Laying the Groundwork
There are several definitions of the word foundation, but two in particular stand out to me: 1) the basis or groundwork of anything and 2) the act of founding, setting up, establishing. During this trip, we laid the foundation for a new dining hall which will be able to seat 400 girls and new kitchen which will be able to cook for even more. Work days were filled with hard labor – moving dirt, pushing wheelbarrows full of concrete, carrying block and moving more dirt (sometimes back to the spot we originally moved it from, but when in Kenya, do as the Kenyans do). Even amongst the sweat and sometimes frustration, we felt the power and the potential this new building will provide.
Team members were encouraged to find a memento to permanently rest in the foundation – a family picture, a letter filled with love or meaningful trinkets. As we were preparing to set the first foundation block, we placed photos of the previous Mission Greenhouse teams next to it and it was almost too much for me to handle. In that moment, I knew the foundation we were building was only possible because of the work the Mission Greenhouse teams of 2013, 2014 and 2015 did before us. A group of us gathered around the area and watched cement and mortar cover up the photos, knowing that we were now part of something much bigger than we ever imagined. Part of a foundation which has the potential to lay the groundwork of everything.
Later on in the week, I had the opportunity to sit in on a Form 4 (12th grade) chemistry class. The teacher, Benson, handed me a test tube full of a bright blue liquid and told me it was copper. I’m sure I did something similar a half dozen times in AP Chemistry my senior year in high school, but this time, holding something so elemental felt different. I sat and watched as my chemical reacted to different quantities of another chemical, watched as something was fundamentally transformed by another agent. I looked around the room and understood these seniors had transformed just as much as the copper I was holding, thanks to the foundation TOC has built.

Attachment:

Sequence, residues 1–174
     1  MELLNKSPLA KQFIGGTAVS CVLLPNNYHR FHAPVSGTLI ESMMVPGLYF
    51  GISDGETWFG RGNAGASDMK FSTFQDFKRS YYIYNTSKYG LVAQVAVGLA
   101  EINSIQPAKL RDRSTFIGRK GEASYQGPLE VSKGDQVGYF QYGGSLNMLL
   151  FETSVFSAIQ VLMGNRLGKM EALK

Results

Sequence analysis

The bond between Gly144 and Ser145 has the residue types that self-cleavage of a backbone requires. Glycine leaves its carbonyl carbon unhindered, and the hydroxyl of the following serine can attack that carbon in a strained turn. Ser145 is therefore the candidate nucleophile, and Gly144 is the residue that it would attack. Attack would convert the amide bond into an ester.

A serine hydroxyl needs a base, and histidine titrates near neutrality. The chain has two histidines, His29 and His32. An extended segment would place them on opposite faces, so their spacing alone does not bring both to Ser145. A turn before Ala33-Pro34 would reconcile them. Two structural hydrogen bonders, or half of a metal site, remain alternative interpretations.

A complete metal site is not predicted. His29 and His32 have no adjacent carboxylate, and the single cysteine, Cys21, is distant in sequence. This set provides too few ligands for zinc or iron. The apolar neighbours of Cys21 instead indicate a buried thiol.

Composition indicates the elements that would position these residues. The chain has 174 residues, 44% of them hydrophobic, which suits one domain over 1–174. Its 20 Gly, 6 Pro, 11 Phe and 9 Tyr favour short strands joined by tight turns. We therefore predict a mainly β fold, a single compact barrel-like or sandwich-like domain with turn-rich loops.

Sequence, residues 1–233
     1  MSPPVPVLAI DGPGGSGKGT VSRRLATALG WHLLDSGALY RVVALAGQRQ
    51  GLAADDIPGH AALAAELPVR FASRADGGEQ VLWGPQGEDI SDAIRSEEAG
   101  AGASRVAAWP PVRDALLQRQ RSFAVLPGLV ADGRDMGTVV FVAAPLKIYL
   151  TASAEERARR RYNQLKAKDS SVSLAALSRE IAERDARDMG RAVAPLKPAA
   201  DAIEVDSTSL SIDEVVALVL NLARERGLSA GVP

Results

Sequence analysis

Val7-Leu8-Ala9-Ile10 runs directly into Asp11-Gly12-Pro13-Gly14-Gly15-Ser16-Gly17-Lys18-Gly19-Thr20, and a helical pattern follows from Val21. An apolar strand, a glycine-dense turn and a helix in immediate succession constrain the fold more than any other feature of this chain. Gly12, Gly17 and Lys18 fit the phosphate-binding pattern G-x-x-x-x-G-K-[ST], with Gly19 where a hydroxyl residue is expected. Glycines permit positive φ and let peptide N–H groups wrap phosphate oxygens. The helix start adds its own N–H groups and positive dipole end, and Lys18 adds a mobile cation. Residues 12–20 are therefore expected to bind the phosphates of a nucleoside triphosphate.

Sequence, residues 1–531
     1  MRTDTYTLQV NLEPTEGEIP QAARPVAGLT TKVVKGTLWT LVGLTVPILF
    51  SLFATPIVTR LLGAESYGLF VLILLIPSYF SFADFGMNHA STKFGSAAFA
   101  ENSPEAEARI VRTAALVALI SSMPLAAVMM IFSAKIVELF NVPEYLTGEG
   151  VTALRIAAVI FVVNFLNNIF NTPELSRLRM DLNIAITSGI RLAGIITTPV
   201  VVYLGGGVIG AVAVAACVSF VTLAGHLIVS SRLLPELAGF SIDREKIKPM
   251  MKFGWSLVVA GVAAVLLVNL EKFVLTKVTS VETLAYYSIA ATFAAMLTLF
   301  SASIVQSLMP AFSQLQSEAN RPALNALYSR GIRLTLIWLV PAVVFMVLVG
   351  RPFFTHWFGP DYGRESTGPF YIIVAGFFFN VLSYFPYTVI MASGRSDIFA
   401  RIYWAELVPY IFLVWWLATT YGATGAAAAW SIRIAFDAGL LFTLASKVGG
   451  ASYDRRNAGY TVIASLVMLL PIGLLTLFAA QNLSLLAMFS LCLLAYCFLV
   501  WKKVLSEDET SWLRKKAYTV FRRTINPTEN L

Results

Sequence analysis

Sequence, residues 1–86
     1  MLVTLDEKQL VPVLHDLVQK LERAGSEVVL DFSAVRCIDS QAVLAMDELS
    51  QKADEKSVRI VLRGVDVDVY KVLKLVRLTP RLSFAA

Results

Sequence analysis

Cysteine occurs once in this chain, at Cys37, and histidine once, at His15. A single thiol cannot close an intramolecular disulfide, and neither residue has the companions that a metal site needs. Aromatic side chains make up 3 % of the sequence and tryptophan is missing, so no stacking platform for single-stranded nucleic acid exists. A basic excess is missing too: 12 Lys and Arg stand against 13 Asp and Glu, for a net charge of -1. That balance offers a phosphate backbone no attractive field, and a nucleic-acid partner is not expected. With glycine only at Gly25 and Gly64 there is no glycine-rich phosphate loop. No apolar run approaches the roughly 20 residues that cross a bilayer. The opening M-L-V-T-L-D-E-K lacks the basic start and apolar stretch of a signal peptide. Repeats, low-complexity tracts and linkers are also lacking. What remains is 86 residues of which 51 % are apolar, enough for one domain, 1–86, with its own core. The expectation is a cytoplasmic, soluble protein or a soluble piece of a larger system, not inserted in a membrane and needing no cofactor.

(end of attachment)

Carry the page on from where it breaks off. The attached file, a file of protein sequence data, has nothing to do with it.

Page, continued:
The week culminated with a dedication ceremony for the dormitory Mission Greenhouse built in 2014 and 2015. We gathered around the cornerstone, held a ribbon cutting and excitedly (and emotionally) followed the girls around the beautiful, colorful place to rest their heads. I couldn’t help but shed tears with the girls – tears of joy, not sadness, which are a bit new to the Kenyan culture. Looking at the dorm, looking at the girls and looking at our Mission Greenhouse team, I knew this was more than a building where 150 girls will live and learn. It is a physical symbol of the passion and dedication each girl has to her education and love Mission Greenhouse has for each girl.
We ended our time at TOC in song and dance, jointly celebrating all of our blessings. One of the final songs we sang with the girls was the traditional hymn, “My Hope is Built on Nothing Less” and I’ve been humming it ever since.
My hope for the girls at Travellers’ Oasis Centre is built on nothing less than knowing these girls will change the world.
My hope for Mission Greenhouse is built on nothing less than to continue building foundations which give others a solid rock to stand upon.
My hope for Esther and Shadrack Muiu, the school’s founders, is built on nothing less than knowing they will never give up on one another and never give up on a single girl who has or will enter the school’s gates. These are the solid rocks I choose to stand on. All other ground is sinking sand.
Other Stories in this collection:
Mission Greenhouse: Building a Foundation
by Courtney Heitkamp